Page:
California Volcanoes , United – States : normal levels of background seismicity and deformation.

California Volcanoes , United – States : normal levels of background seismicity and deformation.

Current Volcano Alert Level: all NORMAL
Current Aviation Color Code: all GREEN

Activity Update: All volcanoes monitored by CalVO using telemetered, real-time sensor networks exhibit normal levels of background seismicity and deformation. Volcanoes monitored include Mount Shasta, Medicine Lake Volcano, Clear Lake Volcanic Field, Lassen Volcanic Center, Long Valley Volcanic Region, Coso Volcanic Field, Ubehebe Craters, and Salton Buttes.

Observations for March 1, 2016 through March 31, 2016 :

Mt Shasta: One earthquake at or above M1.0 was detected (M1.06).
Medicine Lake: No earthquakes at or above M1.0 were detected.
Lassen Volcanic Center: Five M1.0 or greater earthquakes were detected, with the largest registering M1.42. Many of these events occurred during two minor seismic swarms on March 23, 2016 near the Shasta-Tehama-Plumas County lines about 14 km north of the town of Mill Creek and March 26, 2016 near the Shasta-Tehama-Plumas County lines about 8 km north of the town of Mineral.
Clear Lake Volcanic Field: Two M1.0 or greater earthquakes were detected, with the largest registering M2.63. [Note: The typical high level of seismicity was observed under the Geysers steam field located at the western margin of CLVF. The largest event was M2.90].

Long Valley Volcanic Region: In Long Valley Caldera, 16 earthquakes of M1.0 or greater were detected. The largest event registered M2.15. No earthquakes at or above M1.0 were detected in the Mono Craters region. No earthquakes at or above M1.0 were detected under Mammoth Mountain. [Note: The typical high level of seismicity was observed south of the caldera in the Sierra Nevada range. The largest event registered M2.58].
Ubehebe Craters: No earthquakes at or above M1.0 were detected.
Salton Buttes: Sixteen earthquakes of M1.0 or greater were detected. The largest registered M2.14.
Coso Volcanic Field: The typical high level of seismicity was observed, with 24 earthquakes M1.0 or greater. The largest registered M2.47.

The Short Story of Ubehebe Crater in Death Valley National Park
March 31, 2016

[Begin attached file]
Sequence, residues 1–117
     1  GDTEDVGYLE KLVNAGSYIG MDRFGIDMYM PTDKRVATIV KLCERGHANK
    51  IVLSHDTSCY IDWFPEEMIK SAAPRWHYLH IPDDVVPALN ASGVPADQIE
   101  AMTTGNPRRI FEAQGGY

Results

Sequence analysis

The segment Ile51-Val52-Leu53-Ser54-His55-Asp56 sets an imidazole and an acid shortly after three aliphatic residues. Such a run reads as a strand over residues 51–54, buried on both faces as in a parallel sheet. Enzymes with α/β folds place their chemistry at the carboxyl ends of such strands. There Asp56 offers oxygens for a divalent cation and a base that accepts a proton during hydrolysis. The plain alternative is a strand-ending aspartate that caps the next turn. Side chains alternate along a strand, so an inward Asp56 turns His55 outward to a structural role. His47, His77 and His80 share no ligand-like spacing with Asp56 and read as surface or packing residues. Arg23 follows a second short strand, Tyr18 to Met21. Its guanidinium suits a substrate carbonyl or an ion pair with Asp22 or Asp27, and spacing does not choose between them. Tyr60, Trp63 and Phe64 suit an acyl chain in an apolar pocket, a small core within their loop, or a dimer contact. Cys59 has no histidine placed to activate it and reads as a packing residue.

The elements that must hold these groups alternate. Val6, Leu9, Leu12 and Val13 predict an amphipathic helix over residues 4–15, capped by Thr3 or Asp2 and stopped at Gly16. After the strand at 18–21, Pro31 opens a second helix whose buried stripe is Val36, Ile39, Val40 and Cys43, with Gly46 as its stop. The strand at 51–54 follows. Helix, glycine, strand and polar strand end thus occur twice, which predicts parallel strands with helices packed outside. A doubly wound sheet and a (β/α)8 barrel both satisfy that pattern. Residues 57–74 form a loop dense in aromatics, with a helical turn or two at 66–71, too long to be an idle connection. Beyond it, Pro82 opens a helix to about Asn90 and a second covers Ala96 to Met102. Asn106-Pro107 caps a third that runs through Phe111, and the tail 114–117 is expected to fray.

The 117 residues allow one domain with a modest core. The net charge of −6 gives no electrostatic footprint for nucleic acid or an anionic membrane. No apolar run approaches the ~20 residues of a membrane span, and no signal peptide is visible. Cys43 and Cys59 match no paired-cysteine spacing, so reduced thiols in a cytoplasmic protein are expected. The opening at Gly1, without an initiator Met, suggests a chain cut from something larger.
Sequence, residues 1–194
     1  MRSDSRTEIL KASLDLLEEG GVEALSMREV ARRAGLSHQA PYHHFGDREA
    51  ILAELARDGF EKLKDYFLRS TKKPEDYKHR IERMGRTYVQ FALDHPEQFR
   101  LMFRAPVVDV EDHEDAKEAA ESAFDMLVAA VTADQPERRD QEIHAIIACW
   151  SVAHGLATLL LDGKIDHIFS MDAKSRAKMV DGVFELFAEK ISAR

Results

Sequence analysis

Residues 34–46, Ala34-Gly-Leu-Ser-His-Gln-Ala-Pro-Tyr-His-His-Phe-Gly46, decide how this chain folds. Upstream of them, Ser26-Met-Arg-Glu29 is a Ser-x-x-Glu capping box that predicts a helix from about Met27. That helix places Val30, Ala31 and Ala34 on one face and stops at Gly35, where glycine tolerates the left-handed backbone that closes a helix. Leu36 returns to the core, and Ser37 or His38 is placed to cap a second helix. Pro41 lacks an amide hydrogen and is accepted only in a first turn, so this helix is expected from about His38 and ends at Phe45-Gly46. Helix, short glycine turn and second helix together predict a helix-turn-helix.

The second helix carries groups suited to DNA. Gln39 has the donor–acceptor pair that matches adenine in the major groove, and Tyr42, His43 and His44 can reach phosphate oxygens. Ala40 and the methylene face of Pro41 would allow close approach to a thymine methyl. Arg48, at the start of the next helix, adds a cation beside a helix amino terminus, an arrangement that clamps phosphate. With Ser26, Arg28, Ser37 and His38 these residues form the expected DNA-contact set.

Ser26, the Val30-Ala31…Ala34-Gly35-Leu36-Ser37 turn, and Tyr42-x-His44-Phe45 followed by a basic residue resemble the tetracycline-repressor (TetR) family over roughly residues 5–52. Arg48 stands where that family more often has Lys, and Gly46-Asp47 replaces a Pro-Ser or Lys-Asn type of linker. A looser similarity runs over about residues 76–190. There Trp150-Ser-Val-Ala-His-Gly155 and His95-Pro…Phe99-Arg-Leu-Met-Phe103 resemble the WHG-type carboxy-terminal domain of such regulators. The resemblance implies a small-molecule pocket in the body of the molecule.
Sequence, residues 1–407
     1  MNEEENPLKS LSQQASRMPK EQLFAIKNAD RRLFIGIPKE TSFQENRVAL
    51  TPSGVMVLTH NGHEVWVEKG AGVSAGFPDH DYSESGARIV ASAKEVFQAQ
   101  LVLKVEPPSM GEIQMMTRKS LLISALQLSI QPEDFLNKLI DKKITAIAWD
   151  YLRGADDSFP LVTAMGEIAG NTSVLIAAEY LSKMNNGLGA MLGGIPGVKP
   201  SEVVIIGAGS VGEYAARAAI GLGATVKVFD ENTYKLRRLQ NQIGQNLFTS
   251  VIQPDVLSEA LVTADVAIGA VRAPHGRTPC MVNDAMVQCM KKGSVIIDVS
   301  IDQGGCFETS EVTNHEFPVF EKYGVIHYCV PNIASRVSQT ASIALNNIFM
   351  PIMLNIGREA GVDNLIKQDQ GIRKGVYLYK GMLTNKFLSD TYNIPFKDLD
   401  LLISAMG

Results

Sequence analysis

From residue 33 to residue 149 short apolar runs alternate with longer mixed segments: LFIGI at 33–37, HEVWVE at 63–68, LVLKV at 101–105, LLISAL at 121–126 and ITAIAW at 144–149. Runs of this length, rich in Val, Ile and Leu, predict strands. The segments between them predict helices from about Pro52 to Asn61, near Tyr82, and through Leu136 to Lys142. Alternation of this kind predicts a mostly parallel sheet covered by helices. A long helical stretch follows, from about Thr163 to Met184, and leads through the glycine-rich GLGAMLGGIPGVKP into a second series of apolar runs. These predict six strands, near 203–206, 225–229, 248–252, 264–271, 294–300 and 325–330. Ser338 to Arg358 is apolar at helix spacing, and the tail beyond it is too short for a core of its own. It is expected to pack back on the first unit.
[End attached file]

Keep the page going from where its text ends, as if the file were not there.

New research by scientists at CalVO indicates that Ubehebe Craters formed about 2100 years ago during a single eruptive event. Ubehebe Craters are a lone cluster of volcanic craters in the northern half of California’s Death Valley National Park. CalVO geologists Judy Fierstein, Wes Hildreth, and Duane Champion investigated the sequence of rocks to determine whether the 15 craters formed as several independent eruptions over hundreds of years from a long-lasting, deep magma source, or whether they formed at one time.

The scientists are confident that the craters are monogenetic—created during one explosive episode when magma interacted with groundwater, over several days, weeks or months (but certainly not over hundreds of years). Their evidence: first, dozens of layers of rocks ejected during successive eruptive pulses are “conformable”—no time is represented by erosion or anything else between them, so all layers must have fallen during a short-lived eruption sequence. Second, they note that the composition of basaltic cinder samples does not vary—meaning that a single batch of magma fed the multi-crater phreatomagmatic episode. Third, measured paleomagnetic directions are almost exactly the same; again, not much time could have passed between crater-forming pulses.

Short-lived eruptive sequences like the ones that formed Ubehebe Craters are common in volcanically active areas (for example, throughout the Cascade Range). This is the only young volcano in Death Valley National Park, which was otherwise a volcanically quiet area for the last million years.

April 05, 2016.California Volcanoes , United – States :

Source : Calvo

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